Via youtube, a video circa 2010 illustrating the potential waste stream for the Zoo’s gasifier. Materials – including park trash consisting of what appears to be cholorinated paper products and PLA plastics (which could be composted) – are shredded, “pelletized,” then utilized to manufacture “syngas” or synthetic gas.
The video doesn’t mention potential pollution to surrounding City Park neighborhoods, any air scheduled monitoring, toxic emissions from the gasifier, and ash that is generated and most likely treated as a hazardous waste. So where are the “energy” savings from cradle to grave? Adhering to true zero waste principles?
On August 11, 2015, INC (Inter-Neighborhood Cooperation) passed a resolution on the proposed incinerator at the Denver Zoo. The solution calls for the following:
1.) the Denver Zoo to document relevant, substantive technical and operational details of its OSWI Incinerator and release this information to the public, and
2.) the Denver City Council to conduct a substantive and technical review of the Zoo’s OSWI Incinerator plant through hearings before its designated Infrastructure and Culture Committee, and when necessary, using its full subpoena powers, taking testimony from Denver Zoo Foundation administrators, engineers, scientists, environmental experts including qualified and credible third parties along with representation from environmental justice groups, Registered Neighborhood Organizations and City Park neighbors to determine the safety and health risks posed by the use of the incinerator, before it be allowed to proceed and to operate.
The resolution can be read in its entirety here.
Please join us for a unique opportunity to share an evening with one of the world’s foremost experts on incineration and zero waste, Dr. Paul Connett. Dr. Connett will address health and safety concerns of incineration and waste to energy, as well as discuss the benefits of zero waste.
This topic is timely in view of Denver Zoo’s plans to build and operate an incinerator at the Denver Zoo.
Ford Warren Branch, Denver Public Library
6:00 -8:00 p.m.
Thursday, July 30, 2015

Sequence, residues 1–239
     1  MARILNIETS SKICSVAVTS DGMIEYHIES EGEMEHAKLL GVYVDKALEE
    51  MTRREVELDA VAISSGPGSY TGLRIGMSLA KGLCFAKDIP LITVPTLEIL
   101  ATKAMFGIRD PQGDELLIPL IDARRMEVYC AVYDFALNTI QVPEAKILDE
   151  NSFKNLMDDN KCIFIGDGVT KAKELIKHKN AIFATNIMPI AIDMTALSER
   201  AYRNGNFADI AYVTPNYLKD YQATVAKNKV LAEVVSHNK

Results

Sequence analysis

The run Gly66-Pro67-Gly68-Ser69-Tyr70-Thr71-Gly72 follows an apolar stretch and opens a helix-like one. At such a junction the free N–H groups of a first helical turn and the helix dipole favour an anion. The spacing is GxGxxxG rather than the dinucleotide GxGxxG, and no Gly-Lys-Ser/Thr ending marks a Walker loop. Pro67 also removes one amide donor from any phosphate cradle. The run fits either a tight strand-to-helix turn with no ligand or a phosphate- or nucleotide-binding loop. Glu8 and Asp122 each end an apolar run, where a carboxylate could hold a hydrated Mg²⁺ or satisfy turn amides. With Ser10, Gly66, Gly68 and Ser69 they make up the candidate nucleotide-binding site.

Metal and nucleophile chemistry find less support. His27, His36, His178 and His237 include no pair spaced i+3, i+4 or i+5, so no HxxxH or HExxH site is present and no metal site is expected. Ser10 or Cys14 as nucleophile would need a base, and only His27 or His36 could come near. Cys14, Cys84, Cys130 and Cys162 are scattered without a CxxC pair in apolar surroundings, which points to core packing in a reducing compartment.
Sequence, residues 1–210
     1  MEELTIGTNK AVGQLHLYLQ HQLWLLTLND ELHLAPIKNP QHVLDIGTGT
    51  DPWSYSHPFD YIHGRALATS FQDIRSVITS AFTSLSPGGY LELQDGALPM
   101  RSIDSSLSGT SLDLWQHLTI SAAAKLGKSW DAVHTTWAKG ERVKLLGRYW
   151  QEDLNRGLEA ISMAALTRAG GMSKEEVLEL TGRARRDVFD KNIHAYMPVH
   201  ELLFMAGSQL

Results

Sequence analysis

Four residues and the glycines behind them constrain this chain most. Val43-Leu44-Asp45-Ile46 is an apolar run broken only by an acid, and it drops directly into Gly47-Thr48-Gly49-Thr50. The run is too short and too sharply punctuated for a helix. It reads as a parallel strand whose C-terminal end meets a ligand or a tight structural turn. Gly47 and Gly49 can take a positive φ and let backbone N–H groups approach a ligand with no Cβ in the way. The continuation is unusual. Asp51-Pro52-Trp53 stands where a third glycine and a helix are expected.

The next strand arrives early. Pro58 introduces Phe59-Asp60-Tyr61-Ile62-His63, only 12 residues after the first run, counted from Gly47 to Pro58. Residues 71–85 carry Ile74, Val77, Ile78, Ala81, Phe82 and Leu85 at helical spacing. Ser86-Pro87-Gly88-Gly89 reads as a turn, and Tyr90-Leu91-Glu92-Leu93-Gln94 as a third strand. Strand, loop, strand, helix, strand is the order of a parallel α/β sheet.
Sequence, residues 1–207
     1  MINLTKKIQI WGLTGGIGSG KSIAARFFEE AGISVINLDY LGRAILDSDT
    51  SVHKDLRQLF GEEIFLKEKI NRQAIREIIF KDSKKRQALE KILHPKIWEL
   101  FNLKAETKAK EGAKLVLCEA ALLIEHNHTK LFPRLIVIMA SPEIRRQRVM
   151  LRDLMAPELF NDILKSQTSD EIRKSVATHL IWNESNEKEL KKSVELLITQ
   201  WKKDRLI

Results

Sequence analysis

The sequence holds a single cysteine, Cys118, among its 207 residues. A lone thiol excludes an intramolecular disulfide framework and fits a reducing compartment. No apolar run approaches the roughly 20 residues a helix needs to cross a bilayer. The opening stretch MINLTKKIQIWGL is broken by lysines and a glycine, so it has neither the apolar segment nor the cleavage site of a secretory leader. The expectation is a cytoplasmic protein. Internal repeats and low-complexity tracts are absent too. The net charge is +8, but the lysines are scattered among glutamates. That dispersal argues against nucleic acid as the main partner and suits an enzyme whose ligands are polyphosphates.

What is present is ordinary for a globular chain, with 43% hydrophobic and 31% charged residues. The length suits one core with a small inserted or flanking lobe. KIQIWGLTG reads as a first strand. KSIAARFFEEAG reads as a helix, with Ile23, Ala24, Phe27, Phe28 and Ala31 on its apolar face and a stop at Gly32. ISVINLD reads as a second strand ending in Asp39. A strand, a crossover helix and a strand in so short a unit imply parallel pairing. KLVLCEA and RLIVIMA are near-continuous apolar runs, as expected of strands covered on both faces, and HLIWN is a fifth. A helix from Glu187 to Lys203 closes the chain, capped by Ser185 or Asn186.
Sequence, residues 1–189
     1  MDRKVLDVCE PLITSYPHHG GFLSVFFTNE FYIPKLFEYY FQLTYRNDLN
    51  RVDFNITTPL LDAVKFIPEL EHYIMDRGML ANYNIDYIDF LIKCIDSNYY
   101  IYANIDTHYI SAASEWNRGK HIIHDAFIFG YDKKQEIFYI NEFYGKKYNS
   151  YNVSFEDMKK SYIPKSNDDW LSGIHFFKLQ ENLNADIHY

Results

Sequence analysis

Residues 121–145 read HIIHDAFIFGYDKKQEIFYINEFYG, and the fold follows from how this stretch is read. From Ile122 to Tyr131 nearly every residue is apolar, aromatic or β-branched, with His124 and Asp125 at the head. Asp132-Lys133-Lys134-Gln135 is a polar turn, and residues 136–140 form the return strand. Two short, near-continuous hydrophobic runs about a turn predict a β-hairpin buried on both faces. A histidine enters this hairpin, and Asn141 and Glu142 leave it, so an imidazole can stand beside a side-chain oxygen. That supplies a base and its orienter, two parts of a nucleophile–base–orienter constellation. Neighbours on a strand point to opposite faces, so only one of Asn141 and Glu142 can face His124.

2825 High Street, Denver CO 80205
The Zoo’s undated Executive Summary – Certificate of Designation Application — Denver Zoo Waste-to-Energy System (submitted by Denver Zoological Foundation, Inc., as Applicant) is an interesting public document for several reasons.
First, the Denver Zoo describes the “machine” as “part of an innovative waste to energy system.”
Secondly, the Zoo’s CD acknowledges an existing incinerator housed at the Denver International Airport (DIA), permitted by an 8/28/2000 Denver City Council Bill 0652, Ordinance 2000-0696); the Zoo’s Executive Summary states “the last CD application that was reviewed and approved by Denver City Council was Denver International Airport CD September 5, 2000. Ordinance #696 Council Bill 652.” By mentioning the DIA incinerator in its Executive Summary, are we to take the Zoo is justifying the use of a polluting technology?
Third, the Zoo’s public outreach process has failed. We find there is a distinction between between advertising /marketing and public education on pollutants and potential harm to individuals and nature from the “waste to energy system.” While the Zoo is correct in its CD that it “has been sharing the story of the planned waste to energy system publicly for several years” and probably utilized “used far-reaching communication channels including a member publication reaching $65,000 area,” we pose that if a poll was done of residents who live in the Zoo-City Park vicinity, would they be aware of the Zoo’s plans? How upset conditions (when the flare or gasifier malfunctions) would impact residential neighborhoods?
Furthermore, the Zoo is mistaken about Inter-Neighborhood Cooperation’s (INC) support of the project, including its actions that “formally voted to support the project.” INC did not support the waste to energy project. In fact, on its Web site, INC states “we did not have enough information to make an informed decision.”
Lastly, the CD is interesting for its list of appendices to the Engineering Design and Operations Plan (EDOP). Some of the Appendices are available at the City Council’s site. Some are not. None of the “appendices” are labeled as appendices to the EDOP, making learning about the Zoo’s project increasingly difficult.
Also see draft bill CB 14-0941 dated December 10, 2014 Ordinance granting a certificate of designation for the “waste to energy system,” which is unsigned; the Zoo created a handout (no date) describing the certificate of designation process to the Denver City Council. In this “process” document, the Zoo states the project is “planned for no effects on nearby surroundings.”